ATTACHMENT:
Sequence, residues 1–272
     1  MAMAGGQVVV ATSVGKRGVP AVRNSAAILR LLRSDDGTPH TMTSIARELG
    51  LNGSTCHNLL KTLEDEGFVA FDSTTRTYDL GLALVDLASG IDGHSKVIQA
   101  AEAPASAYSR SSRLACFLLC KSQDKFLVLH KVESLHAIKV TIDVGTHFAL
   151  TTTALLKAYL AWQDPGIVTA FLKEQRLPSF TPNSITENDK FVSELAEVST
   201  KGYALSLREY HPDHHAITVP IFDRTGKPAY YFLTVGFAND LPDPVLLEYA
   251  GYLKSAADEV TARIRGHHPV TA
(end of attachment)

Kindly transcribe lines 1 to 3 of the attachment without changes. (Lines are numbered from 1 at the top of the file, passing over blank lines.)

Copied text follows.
Sequence, residues 1–272
     1  MAMAGGQVVV ATSVGKRGVP AVRNSAAILR LLRSDDGTPH TMTSIARELG
    51  LNGSTCHNLL KTLEDEGFVA FDSTTRTYDL GLALVDLASG IDGHSKVIQA